“Tibetan Artists Respond” is an exhibition featuring eight artists from India, Nepal and Tibet. The exhibit recently moved from the Rubin Museum in New York to Dartmouth’s Hood Museum, and will be on display there until March 13th.
Juliette Bianco, associate director of the Hood, says that hosting the exhibit it a tremendous opportunity for the college. “It’s the first exhibition of contemporary Tibetan art to ever come to New York and it’s also the first ever to come to Dartmouth College” she explained.
All of the works explore the artists’ relationships with traditional Buddhism, but each artist created unique pieces with different materials and techniques. Bianco explained that this is a type of self-expression, as opposed to the traditional religious expression, and that it has been emerging during the last thirty years as a result of many Tibetans leaving the country to live in places like the U.S. and Europe.
“It shows how artists are looking to traditional forms and Buddhist forms and how they are rethinking being global citizens” Bianco said.
The visiting monks are now working on a sand mandala, which they will complete on Saturday. Mandalas are traditional teaching tools in Buddhism. They signify the relationship between the spiritual and the physical worlds. Once a mandala is completed, it is destroyed in order to express the impermanence of earthly life. This is a sacred form of art and meditation in the religion, and therefore the public making of mandalas was only permitted 22 years ago.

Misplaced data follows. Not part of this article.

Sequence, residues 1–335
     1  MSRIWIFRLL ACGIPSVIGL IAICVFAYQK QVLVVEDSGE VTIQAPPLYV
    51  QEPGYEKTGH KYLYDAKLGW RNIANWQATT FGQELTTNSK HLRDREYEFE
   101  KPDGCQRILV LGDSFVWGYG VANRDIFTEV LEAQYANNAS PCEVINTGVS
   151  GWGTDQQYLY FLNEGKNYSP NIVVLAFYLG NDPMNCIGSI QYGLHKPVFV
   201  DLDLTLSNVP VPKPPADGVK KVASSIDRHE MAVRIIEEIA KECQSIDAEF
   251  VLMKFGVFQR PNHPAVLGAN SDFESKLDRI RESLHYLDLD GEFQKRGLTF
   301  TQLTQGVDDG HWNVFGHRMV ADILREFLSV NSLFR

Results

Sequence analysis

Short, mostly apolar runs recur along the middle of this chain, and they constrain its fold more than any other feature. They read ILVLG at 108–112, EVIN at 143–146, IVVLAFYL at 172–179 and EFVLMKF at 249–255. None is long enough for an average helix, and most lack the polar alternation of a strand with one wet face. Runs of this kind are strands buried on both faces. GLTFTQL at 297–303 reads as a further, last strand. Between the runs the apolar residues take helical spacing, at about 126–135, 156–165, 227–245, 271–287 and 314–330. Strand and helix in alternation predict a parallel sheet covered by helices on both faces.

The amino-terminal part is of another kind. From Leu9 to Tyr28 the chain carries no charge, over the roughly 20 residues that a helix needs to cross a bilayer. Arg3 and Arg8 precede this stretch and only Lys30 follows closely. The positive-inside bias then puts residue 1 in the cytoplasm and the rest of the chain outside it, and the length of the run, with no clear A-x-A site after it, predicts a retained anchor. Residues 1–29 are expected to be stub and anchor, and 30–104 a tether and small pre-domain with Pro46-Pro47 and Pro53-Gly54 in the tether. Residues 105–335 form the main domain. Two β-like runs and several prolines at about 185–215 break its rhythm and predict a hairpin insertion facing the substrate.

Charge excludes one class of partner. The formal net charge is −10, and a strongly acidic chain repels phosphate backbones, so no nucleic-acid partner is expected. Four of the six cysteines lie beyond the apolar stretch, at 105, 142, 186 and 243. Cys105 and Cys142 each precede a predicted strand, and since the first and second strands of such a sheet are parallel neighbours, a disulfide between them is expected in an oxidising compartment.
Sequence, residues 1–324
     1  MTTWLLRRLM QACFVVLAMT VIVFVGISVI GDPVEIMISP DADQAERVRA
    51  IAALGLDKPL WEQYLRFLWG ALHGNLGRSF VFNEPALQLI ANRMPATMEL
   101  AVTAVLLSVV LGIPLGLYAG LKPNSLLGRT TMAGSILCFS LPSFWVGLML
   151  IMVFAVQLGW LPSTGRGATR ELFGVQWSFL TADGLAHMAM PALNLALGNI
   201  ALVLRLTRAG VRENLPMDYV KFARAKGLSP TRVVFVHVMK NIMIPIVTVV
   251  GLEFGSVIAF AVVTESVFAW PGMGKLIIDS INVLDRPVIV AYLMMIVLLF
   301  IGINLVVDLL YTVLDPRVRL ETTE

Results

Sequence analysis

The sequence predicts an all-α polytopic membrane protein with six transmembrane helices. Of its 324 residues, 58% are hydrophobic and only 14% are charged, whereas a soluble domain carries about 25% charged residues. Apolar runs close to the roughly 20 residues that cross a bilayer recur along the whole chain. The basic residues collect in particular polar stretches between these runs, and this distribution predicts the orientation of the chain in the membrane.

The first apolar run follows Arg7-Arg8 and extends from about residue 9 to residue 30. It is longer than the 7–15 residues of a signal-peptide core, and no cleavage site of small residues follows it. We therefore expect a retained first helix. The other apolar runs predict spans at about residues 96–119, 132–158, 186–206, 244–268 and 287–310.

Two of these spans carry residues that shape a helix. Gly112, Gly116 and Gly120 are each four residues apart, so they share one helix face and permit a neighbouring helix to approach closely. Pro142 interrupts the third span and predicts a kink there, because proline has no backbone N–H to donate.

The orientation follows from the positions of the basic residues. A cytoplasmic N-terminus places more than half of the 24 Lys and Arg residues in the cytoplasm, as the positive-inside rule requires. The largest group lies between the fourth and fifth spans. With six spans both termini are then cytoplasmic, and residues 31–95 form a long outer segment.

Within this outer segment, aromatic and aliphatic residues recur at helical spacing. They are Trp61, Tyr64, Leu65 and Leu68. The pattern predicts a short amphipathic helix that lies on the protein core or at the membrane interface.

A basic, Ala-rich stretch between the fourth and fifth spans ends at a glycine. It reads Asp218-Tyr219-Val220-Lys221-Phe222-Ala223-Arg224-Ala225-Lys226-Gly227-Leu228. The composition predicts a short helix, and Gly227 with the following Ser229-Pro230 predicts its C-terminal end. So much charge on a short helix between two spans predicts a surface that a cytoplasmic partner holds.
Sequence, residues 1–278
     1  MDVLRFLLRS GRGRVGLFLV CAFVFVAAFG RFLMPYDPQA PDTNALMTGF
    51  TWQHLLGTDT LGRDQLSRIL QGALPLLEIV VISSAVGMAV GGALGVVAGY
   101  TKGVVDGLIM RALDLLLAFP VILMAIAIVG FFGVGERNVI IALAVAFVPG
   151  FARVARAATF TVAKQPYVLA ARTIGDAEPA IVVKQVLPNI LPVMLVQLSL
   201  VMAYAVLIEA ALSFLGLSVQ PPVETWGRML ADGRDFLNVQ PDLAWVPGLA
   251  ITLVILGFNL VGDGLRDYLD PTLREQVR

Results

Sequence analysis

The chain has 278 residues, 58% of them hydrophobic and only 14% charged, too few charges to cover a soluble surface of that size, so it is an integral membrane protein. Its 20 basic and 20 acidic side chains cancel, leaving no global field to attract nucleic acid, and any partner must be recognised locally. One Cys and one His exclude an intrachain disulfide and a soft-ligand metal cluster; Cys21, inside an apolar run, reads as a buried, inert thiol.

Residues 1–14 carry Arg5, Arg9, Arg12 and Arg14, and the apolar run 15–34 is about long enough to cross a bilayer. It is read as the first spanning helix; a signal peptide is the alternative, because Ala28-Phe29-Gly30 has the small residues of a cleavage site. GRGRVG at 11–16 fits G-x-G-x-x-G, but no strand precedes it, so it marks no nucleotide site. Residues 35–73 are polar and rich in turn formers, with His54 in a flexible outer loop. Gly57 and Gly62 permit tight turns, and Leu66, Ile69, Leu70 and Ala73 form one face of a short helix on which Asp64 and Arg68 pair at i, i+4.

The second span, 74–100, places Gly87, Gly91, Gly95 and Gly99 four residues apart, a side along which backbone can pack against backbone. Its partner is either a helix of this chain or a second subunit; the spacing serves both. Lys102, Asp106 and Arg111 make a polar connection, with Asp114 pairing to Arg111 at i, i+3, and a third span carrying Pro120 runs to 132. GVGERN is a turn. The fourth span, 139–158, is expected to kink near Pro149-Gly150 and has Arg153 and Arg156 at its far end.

“We’re bringing an opportunity for students to interact with the artists which I think is one of the best ways for students to learn the material” Bianco explained. “I think what is exciting about learning from art is to connect with shared values that are expressed in so many different ways from so many different life experiences. You’re connecting with an individual who may or may not occupy the same space as you but you are in the same space when you’re with their work of art and whatever you bring away from that is meaningful.”